The NFL has been changing and evolving over the years, as it has become more of a pass-friendly league through the past decade or two.
Part of that evolution has been the offensive philosophy on fourth down, which was, until recently, strictly a punt-only situation.
But now, more and more teams are going for it on fourth downs, and Los Angeles Chargers head coach Brandon Staley is one of the men who is leading the way in that department.
Last season, his team went for it on fourth down 34 times, which was third in the NFL.
But the Chargers went for it on 31.5 percent of their fourth downs, the highest percentage in the league.
Staley explained his mindset regarding such situations in an interview with Daniel Popper of The Athletic.
“There has to be a fearlessness to play in this game, and what I wanted to establish was that,” Staley says. “The history of this team when I got here, it was like someone’s going to get hurt, they’re going to blow a lead, something catastrophic is going to happen. There’s this ‘Chargering’ thing. There’s all of these external factors that I know in my life, they’re just all excuses. They’re just all excuses.
“And so, how do you change that? Well, you have to do things different, you have to have a different approach. … Our mindset’s going to be on us, it’s not going to be on the opponent. It’s going to be on us. So creating that fearless mindset of, we are going to be aggressive, we’re going to put the ball in our hands, we’re going to trust our guys to make plays.
“If we lose, we’re going to do it on our terms, not someone else’s terms.”
There is certainly an argument to be made for leaving your offense on the field during a fourth down, but some feel the Chargers overdid it last season, and in doing so, possibly cost themselves a playoff berth.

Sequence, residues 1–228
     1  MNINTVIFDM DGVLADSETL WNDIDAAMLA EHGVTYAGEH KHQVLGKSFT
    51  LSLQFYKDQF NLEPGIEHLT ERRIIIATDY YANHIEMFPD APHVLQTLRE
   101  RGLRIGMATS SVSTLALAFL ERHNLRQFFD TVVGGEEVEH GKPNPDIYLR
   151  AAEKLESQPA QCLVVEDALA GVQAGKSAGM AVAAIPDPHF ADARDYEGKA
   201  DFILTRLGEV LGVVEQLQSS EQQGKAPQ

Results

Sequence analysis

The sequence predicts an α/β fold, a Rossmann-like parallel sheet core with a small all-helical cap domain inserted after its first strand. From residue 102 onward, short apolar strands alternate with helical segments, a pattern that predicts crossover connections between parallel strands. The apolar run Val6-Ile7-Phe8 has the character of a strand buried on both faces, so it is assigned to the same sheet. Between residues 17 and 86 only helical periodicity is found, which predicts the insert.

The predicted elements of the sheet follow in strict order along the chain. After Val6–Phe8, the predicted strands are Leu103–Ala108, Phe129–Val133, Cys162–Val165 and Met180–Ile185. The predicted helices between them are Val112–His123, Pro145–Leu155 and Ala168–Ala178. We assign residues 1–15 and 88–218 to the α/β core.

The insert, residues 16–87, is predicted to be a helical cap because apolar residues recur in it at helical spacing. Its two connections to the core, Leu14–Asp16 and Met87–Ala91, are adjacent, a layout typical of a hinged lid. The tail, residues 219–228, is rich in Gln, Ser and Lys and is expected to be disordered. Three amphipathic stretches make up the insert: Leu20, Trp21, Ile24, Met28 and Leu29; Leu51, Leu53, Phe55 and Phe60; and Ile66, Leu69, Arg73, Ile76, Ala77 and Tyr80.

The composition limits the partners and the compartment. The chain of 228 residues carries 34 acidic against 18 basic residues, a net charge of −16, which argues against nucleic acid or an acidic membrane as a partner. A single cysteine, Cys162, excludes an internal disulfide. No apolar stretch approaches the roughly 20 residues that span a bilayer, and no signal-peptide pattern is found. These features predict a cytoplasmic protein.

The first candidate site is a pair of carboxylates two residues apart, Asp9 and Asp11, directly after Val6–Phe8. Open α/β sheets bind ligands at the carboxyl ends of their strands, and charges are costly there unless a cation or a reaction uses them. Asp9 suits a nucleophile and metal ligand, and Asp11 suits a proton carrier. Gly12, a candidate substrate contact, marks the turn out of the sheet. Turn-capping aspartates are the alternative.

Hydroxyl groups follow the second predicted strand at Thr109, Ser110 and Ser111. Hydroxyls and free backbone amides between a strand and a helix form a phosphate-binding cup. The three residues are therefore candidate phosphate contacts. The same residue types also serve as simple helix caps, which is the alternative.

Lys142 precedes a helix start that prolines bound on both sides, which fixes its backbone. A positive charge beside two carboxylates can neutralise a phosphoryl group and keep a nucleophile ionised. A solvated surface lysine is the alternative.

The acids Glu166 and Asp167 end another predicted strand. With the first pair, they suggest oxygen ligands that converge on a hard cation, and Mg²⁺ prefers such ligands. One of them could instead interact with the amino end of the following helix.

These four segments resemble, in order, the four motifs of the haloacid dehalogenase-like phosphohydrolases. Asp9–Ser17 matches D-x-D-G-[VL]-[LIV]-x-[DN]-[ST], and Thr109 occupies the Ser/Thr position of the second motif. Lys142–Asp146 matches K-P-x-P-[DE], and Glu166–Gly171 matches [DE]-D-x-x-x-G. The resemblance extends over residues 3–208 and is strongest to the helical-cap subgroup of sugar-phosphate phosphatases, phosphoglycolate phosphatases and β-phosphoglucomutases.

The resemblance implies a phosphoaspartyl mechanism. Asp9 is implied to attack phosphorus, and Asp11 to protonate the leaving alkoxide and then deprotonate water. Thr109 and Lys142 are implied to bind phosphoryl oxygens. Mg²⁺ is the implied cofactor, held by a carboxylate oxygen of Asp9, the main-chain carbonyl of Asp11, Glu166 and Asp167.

Live By The Sword, Die By The Sword?
For most of the NFL’s century-plus history, teams usually only went for it on fourth down if it was in a desperate situation at the end of a game where it was down to its last chance.
But over the last several years, that has been changing, as fourth-down attempts have been rising, as have fourth-down conversion rates.
Analytics, which have taken over multiple team sports over the past decade-plus, has been a big factor in this change in philosophy.
Staley is absolutely right when he says that fearlessness must be present in order to win in the NFL, even more than in baseball, basketball, hockey or any other team sport.
But sometimes, one’s aggressiveness can go from his greatest asset to his greatest flaw, as it can be a double-edged sword.
With quarterback Justin Herbert running and gunning his way to a Pro Bowl appearance in just his second pro season, L.A. forged an 8-5 record and had a real shot at finishing first in the AFC West.
Its next contest in Week 15 versus the Kansas City Chiefs was billed as the that would likely decide the division winner.
But in the first half, the Chargers failed to convert on two fourth-down situations inside the Kansas City 10-yard line, and they trailed 14-10 at intermission.
They failed on another fourth-down conversion attempt in the second half, and given that they lost 34-28 in overtime after leading 21-13 in the fourth quarter at one point, those failed attempts look bad in retrospect.
Then came the season-finale versus the Las Vegas Raiders, which was a doozy.
The Chargers converted six of seven fourth-down attempts, but the one they failed on was one even Staley may have wanted to take back.
— NFL (@NFL) January 10, 2022
The argument in his favor is that Herbert is an MVP-caliber QB who is turning into a clutch signal-caller, as evidenced in that contest against the Raiders.
Drive 2: 19 plays, 83 yds, 2:06
🔸7 (!) QB pressures
🔸Missed play by Ekeler
🔸4 drops pic.twitter.com/JCJL3Xqcz0
— Dan W. (@DanWSports) January 11, 2022
But even with someone as talented as Herbert on your side, sometimes a bit of caution is a good thing.